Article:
Moving The Goalposts (Kenya) visits parents and helps them to create daily schedules with their daughters so that the girls can attend sport sessions and complete chores at home. Other organisations have taken steps to provide childcare at sport sessions so that girls can bring their young siblings with them.
Experience from women’s organisations dealing with sensitive and possible culturally contentious issues has shown that it is important to involve the community in programme planning. For example, in implementing a programme to reduce female genital mutilation (cutting) in Ethiopia, Women Win partner Kembatta Mentti Gezzima (Ethiopia) found that rather than replicating an approach from another context, it was more effective to seek local community input on possible solutions to the problem of female genital mutilation. They invited stakeholders to community discussion groups in which they created a space for open discussion, with agreement that there would be no judgement or intimidation on whatever was brought up by participants. The result of these open discussions has been a reduction in cases of female genital mutilation in the community as well as new initiatives started by community members to further address this issue.
Youth Empowerment Foundation (Nigeria) has regular meetings with local government officials to inform them about the success of their programme and to build their relationship with these leaders for continued future support.
 Womenkind Worldwide Report: http://www.womankind.org.uk/
An organisation’s community engagement strategy is dependent on the community groups and stakeholders who have impact on the lives of the girls in the programme. These groups and stakeholders will vary by country, programme, and location within a country. For example, in religiously devout communities, religious leaders are very important stakeholders who often have a vested interest in monitoring the role of girls in their community, and have the ability to bring a girls’ sport programme to a halt. Another important stakeholder group is parents and caregivers, whose permission and support is essential to girls’ participation in sport. In many places, caregivers give daughters the responsibility of important household tasks as well as caretaking of younger siblings. Some organisations have met resistance from caregivers in allowing their daughters to participate in sport programmes because they think that the girls will then not be able to take care of their household duties.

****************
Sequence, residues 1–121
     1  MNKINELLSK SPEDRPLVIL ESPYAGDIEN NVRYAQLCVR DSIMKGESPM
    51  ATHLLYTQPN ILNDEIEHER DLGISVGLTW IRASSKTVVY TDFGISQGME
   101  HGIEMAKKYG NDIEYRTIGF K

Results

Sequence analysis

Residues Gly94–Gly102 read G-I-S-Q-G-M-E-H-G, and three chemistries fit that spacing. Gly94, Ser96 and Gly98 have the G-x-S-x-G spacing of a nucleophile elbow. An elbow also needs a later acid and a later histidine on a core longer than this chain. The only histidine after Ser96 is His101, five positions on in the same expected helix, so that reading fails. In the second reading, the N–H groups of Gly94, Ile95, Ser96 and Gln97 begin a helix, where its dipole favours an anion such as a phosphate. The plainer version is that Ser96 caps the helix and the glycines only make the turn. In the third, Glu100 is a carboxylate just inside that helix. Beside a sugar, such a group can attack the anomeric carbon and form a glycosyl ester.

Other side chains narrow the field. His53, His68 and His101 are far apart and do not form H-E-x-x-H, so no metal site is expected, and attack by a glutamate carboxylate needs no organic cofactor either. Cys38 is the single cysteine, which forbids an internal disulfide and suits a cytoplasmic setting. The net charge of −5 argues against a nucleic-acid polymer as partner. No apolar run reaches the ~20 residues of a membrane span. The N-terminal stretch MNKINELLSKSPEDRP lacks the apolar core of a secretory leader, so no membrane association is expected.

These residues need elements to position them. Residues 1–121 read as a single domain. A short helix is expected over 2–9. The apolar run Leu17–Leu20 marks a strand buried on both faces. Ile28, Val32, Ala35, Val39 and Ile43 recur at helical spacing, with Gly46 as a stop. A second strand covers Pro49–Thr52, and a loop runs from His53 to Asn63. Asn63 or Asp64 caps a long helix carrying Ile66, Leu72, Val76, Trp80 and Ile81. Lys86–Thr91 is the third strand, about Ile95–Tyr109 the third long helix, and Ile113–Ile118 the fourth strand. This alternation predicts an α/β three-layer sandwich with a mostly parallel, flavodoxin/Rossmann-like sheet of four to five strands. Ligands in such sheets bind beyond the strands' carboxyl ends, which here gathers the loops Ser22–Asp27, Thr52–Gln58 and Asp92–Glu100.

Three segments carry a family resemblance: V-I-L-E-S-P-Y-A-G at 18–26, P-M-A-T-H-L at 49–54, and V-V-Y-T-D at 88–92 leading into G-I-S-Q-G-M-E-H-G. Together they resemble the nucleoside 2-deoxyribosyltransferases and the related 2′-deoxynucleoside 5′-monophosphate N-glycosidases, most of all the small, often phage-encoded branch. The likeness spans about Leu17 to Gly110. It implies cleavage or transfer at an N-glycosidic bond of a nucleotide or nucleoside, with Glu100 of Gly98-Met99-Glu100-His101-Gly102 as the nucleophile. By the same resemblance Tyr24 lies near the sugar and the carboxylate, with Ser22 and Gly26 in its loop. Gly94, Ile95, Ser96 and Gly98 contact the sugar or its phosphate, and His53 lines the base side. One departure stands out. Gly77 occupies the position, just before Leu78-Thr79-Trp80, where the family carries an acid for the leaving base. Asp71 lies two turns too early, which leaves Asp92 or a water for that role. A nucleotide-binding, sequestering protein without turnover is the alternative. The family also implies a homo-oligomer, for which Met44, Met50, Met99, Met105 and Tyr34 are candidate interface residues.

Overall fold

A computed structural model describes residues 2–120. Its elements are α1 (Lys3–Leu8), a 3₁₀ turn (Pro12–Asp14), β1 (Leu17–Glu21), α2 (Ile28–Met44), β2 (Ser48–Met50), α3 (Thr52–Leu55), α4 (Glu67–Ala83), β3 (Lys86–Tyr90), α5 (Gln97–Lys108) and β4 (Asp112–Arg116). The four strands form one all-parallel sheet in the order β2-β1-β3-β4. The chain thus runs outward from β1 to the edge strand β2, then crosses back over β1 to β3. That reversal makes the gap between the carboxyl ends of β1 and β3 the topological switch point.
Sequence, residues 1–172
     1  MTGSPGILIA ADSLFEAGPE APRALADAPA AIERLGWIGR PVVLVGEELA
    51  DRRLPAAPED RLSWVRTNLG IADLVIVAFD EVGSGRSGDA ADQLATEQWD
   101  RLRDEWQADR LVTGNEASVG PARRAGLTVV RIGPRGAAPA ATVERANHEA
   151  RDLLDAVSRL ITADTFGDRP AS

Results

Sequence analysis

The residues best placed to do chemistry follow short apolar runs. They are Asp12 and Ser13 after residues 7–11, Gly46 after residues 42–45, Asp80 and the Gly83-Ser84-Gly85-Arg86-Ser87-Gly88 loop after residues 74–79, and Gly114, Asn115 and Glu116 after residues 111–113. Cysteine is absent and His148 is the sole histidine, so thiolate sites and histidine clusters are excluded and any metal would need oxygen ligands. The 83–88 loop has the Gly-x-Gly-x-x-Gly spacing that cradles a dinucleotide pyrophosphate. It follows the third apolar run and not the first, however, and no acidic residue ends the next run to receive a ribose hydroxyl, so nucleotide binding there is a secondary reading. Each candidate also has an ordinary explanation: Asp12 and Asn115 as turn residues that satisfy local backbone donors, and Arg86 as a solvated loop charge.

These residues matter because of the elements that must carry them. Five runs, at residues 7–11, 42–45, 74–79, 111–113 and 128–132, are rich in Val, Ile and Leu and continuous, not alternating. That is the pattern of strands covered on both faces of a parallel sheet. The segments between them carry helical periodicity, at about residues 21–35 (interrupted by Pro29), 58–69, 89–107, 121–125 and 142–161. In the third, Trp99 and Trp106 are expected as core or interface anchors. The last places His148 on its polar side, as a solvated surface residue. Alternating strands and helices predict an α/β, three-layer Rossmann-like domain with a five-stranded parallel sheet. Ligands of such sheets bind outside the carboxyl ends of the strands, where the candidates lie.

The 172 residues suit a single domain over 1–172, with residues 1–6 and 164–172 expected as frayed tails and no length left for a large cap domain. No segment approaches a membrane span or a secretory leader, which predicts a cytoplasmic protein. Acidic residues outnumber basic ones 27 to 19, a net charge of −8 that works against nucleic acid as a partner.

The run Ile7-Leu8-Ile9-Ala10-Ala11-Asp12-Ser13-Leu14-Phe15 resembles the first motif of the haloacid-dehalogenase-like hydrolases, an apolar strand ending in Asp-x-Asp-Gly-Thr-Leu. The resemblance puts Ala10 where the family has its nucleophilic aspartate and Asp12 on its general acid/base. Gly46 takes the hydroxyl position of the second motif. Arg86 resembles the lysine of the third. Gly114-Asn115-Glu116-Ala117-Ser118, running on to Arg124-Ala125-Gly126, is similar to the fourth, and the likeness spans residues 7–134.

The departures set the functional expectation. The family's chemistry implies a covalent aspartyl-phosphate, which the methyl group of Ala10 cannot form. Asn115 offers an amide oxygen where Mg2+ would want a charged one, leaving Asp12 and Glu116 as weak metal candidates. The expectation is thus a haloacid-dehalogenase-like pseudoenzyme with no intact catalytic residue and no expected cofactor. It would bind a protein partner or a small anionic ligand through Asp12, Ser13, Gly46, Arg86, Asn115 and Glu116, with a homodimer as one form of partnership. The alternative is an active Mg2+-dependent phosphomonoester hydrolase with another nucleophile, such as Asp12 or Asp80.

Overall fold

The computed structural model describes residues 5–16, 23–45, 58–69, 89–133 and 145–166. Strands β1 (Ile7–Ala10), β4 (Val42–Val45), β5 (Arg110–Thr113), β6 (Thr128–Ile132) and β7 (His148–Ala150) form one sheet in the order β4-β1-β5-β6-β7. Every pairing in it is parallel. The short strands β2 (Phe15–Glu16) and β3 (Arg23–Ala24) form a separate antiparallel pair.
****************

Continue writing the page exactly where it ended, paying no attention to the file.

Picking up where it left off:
Oftentimes, fathers and mothers (or male caregivers and female caregivers) have different motivations for keeping their daughters out of sport programmes or different reasons why they might support their daughters. It is essential to understand these motivations and reasons before creating an approach, avoiding a ‘one size fits all’ approach.
Create a Stakeholder Map
There are many different ways to involve the various stakeholders in a community in order to gain their support for a programme. When planning a community engagement strategy for any girls’ sport programme, the essential first step is to create a list or map of all potential stakeholders and groups in the community in which you will work. Once you agree upon the players involved, you can create approaches for each group individually. Involving the girls in this process of mapping the stakeholders in the community will also allow you to understand whom they view as the most important supporters, or opponents, to their participation in sport.
There are often tensions between different members of a community, which makes it a complex process to involve the entire community in the building and support of a girls’ sport programme. Different stakeholders in the girls’ lives have different ideas of what the role of girls should be in the community and what is good for the girls. These tensions are particularly prevalent when it comes to girls’ sport, because in many contexts in which girls’ sport initiatives are being started, girls playing sport is a historical cultural taboo. For this reason, engaging the entire community when planning and implementing a girls’ sport programme is highly advisable.
The simplest tactic for this type of engagement is simply sitting down with stakeholders, in an intimate meeting and telling them about your proposed programme. You should also ask their opinions and suggestions about the programme. Many organisations do this in the form of community forum meetings or visits to the homes of participants.